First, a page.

Tagwa Shammet, Opinions Editor
On the latest episode of “how to oppress the black youth,” Hanover County is the star. Let’s take a little imagination trip, this one is sure to make your blood boil.
Imagine this: you’re getting ready for this week’s Friday night football game. You and your friends are excited to cheer your team on, to sing the school’s chant, to hype up your student section. You get there, your team — the “Confederates” — are about to take the field. The Confederates. You try to ignore the pang of discomfort that name causes you.
It’s halftime. The students from the neighboring middle school wander through the crowd — the “Rebels” from Stonewall Jackson Middle. Again, you find yourself trying to get over this growing discomfort. It’s okay, the mascot is about to rush the field, carrying the school’s flag. A white student rides atop a horse, waving a flag marked with the letters “L” and “D,” referencing Confederate leaders, the school’s namesake. This time, the discomfort subsides. It’s replaced with anger and isolation. You’re overtaken by feelings of disrespect, oppression and sadness.
No way something like this actually happens — no way a school system would allow such blatant disrespect. Drive 20 minutes from VCU and take a long look at Lee-Davis High school. That’s right, exposure to Confederate symbols at high school football games is just a normal Friday night for black Lee-Davis students. I cannot even begin to fathom the pain black students at this school must feel. Writing this today has already angered me beyond belief.
This scenario has angered the Hanover County chapter of the NAACP, too. The NAACP publicly states that its mission is to secure the political, educational, social and economic equality of rights in order to eliminate race-based discrimination and ensure the health and well-being of all persons. Which is why the group has come forward with a lawsuit against Hanover County and the Hanover County School Board. The suit argues that using Confederate names forces students of color to “champion a legacy of segregation and oppression,” violating their First and Fourteenth Amendment rights to free speech and equal protection.
“Argues.” I still cannot believe we are having conversations like this. What are we arguing about? Enough of this idea that racial discrimination and oppression needs to be “argued.” Here’s my argument: This is blatant racism. As a black student, if I went to a school that honored horrific men whose entire purpose as generals and soldiers was to oppress black people and treat them as property, I would feel utterly hated in my own space.
I’m sorry, but didn’t we all agree that schools are meant to be a safe space for all students – or do black students not count? To make matters worse, in December 2017, Hanover County residents petitioned to change the names of Lee-Davis High School and Stonewall Jackson Middle School, but on April 10, 2018, the Hanover County School Board voted 5-2 to retain the names.
So, let me get this straight: Residents — parents of these black students and then some — explicitly stated these names were inappropriate for a school, and the majority of the Hanover school board decided they just did not care.
Yet again, the white community just doesn’t care about black children. I mean, black students make up about 10% of the high school’s population, and almost all of the remaining students are white. We do not harm women and children — that is the universal law. Except when it comes to black children, right?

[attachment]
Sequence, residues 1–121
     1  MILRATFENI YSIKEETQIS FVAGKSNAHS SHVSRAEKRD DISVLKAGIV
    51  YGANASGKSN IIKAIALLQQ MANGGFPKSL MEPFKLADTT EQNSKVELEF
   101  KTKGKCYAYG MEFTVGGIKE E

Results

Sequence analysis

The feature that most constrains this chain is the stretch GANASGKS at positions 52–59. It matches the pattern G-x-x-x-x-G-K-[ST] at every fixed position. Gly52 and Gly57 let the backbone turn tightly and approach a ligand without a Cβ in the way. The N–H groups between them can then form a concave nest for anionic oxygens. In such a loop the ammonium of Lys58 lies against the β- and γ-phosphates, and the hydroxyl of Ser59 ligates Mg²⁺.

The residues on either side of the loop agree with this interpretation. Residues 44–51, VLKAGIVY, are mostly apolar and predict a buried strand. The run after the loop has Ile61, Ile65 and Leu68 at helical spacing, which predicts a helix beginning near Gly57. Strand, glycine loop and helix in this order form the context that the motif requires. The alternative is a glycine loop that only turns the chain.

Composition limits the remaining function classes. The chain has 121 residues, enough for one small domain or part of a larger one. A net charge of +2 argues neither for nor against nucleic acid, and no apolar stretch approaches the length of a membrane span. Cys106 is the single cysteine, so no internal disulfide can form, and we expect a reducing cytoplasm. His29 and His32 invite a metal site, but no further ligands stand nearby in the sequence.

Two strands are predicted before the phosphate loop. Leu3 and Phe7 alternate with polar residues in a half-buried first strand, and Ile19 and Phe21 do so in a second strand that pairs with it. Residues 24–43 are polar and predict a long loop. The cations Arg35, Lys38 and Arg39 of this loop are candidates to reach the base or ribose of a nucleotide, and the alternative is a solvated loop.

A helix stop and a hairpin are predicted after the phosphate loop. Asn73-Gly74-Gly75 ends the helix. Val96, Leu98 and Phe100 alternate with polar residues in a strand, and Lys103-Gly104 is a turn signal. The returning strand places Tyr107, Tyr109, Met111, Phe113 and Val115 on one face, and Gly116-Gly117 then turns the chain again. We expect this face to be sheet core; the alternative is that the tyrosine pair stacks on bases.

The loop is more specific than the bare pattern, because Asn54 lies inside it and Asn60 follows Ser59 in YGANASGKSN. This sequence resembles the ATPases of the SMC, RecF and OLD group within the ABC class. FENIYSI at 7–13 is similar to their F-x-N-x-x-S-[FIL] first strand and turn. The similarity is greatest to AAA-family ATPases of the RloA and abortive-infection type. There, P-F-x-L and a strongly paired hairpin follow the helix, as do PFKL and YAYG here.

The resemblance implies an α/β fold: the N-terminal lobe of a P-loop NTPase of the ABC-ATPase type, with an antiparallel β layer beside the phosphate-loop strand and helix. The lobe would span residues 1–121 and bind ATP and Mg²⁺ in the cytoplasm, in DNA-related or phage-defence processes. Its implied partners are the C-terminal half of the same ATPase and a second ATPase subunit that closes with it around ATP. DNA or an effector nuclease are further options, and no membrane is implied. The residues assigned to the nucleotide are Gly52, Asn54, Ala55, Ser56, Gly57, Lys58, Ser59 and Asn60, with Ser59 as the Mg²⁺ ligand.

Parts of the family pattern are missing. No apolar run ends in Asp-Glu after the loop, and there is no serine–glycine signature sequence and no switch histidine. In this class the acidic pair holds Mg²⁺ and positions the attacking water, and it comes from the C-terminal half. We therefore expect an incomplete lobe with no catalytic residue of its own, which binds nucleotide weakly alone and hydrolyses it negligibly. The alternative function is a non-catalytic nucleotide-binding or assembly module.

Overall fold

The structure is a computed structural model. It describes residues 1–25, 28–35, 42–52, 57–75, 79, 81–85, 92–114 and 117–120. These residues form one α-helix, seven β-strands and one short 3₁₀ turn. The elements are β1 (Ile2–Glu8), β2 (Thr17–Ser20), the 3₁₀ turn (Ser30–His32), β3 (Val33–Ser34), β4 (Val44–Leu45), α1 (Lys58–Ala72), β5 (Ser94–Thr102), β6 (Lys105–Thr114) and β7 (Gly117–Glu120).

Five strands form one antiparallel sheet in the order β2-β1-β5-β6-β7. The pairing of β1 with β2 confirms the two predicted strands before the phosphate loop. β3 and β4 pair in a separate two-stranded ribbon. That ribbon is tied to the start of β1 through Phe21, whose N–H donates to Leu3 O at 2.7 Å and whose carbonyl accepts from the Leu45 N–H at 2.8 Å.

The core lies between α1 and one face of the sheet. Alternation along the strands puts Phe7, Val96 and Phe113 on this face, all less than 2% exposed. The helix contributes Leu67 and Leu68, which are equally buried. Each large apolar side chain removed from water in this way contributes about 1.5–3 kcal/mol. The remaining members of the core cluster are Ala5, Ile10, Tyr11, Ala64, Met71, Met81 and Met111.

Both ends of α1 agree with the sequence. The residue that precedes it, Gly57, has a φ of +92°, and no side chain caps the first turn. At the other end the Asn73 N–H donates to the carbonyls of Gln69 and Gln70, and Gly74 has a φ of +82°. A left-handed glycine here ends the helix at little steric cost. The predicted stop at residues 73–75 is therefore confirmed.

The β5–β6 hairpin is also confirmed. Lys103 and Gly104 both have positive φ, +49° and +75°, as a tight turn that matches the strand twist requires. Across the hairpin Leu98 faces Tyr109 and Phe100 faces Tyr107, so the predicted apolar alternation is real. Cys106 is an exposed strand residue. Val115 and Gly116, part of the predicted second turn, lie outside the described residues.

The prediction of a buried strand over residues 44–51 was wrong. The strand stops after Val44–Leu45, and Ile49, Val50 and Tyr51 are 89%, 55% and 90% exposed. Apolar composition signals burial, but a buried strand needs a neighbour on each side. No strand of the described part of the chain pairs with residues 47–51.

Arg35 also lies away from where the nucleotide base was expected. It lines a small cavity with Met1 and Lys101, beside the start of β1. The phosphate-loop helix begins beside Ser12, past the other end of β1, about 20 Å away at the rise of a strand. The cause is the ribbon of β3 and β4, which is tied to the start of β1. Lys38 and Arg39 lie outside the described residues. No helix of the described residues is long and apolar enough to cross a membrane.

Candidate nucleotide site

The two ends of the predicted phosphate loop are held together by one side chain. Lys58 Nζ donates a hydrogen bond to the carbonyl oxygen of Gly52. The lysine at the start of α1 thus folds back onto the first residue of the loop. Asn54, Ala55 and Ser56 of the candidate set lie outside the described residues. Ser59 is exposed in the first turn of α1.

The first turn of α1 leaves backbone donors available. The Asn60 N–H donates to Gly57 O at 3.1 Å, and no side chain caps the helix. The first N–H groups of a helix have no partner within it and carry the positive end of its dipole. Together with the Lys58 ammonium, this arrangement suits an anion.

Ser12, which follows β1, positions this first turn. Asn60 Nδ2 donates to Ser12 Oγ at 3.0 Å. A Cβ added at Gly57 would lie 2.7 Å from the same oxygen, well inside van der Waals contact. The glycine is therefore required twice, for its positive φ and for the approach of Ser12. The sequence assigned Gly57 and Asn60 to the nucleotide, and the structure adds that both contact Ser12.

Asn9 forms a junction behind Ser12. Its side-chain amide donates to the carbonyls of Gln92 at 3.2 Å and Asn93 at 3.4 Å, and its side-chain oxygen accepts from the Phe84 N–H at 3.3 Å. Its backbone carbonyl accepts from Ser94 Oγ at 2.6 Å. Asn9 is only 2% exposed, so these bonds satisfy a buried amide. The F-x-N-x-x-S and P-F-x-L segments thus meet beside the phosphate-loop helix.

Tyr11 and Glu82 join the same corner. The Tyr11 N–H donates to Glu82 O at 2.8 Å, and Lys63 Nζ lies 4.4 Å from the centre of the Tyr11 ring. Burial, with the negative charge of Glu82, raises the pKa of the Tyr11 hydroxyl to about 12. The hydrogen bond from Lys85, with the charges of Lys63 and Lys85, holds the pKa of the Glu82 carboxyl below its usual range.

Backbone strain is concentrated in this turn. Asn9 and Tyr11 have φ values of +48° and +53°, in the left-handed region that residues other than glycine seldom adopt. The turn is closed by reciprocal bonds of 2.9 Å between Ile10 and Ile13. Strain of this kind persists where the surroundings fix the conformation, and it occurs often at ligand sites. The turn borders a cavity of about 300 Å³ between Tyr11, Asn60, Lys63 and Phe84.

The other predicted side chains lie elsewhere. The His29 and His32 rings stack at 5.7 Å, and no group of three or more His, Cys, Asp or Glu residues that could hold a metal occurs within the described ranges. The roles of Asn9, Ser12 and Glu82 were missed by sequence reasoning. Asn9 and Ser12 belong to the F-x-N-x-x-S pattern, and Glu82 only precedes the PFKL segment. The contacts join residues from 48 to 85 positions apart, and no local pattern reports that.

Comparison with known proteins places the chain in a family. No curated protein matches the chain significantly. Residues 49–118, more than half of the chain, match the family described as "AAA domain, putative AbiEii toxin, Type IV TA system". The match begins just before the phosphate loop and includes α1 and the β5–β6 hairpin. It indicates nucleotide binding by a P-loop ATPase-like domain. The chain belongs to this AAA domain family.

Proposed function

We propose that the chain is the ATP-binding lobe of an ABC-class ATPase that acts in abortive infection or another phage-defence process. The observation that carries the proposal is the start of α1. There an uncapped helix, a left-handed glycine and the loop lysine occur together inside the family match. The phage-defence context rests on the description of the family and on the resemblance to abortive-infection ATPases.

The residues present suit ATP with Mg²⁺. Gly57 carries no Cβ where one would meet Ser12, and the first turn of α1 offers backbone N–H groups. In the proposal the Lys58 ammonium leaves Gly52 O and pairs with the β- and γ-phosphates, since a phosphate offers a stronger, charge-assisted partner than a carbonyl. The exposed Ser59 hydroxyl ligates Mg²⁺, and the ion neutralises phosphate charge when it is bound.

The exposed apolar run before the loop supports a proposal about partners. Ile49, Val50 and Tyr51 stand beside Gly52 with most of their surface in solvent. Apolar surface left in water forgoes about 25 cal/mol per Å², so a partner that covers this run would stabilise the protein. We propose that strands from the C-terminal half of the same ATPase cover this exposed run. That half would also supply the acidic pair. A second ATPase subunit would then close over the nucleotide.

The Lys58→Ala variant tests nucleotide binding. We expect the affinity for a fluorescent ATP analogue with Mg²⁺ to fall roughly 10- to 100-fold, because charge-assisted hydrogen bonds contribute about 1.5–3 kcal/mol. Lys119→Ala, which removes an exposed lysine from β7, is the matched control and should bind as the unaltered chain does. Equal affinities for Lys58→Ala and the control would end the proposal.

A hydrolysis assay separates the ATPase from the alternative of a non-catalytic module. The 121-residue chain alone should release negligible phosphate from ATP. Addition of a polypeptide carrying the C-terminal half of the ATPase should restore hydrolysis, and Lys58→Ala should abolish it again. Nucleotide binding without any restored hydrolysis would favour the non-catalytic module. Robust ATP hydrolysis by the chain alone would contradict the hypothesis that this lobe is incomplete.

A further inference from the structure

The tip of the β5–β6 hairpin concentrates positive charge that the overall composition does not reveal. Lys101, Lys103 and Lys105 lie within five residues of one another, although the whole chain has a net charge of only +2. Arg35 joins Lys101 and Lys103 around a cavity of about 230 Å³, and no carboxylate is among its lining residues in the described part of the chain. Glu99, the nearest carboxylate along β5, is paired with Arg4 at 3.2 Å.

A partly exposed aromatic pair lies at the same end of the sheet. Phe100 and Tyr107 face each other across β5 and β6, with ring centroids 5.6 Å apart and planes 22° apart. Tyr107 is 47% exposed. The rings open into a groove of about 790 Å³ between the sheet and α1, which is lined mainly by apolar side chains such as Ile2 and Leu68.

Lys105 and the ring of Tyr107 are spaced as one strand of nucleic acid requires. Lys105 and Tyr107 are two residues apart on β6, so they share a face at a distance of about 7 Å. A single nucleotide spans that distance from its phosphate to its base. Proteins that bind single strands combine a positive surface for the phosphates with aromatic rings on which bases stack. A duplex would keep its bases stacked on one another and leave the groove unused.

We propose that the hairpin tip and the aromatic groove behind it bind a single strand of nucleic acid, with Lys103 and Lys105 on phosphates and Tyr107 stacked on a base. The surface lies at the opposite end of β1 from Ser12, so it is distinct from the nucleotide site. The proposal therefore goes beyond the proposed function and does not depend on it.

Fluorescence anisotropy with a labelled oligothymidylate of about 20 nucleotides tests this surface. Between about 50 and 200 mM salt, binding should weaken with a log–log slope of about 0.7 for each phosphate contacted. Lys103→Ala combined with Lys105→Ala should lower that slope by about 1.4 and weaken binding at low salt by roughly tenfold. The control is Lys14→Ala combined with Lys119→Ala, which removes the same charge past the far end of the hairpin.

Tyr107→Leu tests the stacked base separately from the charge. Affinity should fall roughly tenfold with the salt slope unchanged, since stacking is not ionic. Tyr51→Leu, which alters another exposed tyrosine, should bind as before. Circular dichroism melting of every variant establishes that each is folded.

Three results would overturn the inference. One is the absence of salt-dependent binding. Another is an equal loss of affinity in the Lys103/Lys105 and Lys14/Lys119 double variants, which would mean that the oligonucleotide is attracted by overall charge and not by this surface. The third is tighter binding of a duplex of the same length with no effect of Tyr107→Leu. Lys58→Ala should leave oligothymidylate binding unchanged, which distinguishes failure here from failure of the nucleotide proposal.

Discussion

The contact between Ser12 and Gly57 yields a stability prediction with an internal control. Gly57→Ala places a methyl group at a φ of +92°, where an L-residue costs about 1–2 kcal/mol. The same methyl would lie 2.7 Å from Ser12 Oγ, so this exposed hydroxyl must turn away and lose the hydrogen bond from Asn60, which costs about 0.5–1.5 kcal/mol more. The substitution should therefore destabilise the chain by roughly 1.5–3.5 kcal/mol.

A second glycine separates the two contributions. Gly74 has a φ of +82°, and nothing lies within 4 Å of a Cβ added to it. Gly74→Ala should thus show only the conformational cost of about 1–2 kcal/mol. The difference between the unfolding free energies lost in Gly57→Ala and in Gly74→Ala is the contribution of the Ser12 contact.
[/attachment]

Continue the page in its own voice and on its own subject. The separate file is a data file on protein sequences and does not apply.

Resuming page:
I can still hear my freshman orientation class learning the chant, “V-C-U R-A-M-S. This is what we do the best.” Just thinking of having to spell out “C-O-N-F-E-D-E-R-A-T-E” for a school chant is making me sick. Stop subjecting black kids to a different childhood just because it doesn’t affect everyone else. NAACP members with students at Lee-Davis High and Jackson Middle are refraining from allowing their children to participate in school events, rightfully so. Due to this easily preventable racial harassment, black students are being forced to sit out of fundamental high school experiences.
Supporters of the name preach, “Protect the history,” invoking the phrase as part of debates on the presence of Confederate monuments and the flag. The history they’re trying to protect includes the civil disobedience that stemmed from the overwhelming hate portions of the population had for black people.
That’s not a history I’m itching to honor. Especially not at the cost of the black youth. Historians don’t need to omit the Confederacy and the Civil War from history textbooks, but officials, schools and community members must stop rubbing the intolerance of the era in black people’s faces.
Using Confederate names and symbols as school names and mascots isn’t “protecting history.” Simply say you want to protect the racism deeply rooted in our country.
The NAACP is just trying to resolve the obvious racial tension caused by these schools’ names. In return for that, the group has received violent voicemail threats. So, it’s not enough to racially harass and attack black children, no, it’s necessary also to threaten violence on those trying to protect them.
All this, and some people will still claim racism doesn’t exist in this country. Like I said before, hating black people is as American as apple pie.
Hanover County needs to change the names of Lee-Davis High and Stonewall Jackson Middle. Fairfax County needs to change the name of Robert E. Lee High. Bristol City needs to change the name of Jackson Elementary. Stop paying homage to these men and glorifying their deadly racism.
If Americans aren’t so afraid of black excellence, prove it. Stop systematically oppressing and restricting black people and see how high they will soar. We just might impress you.
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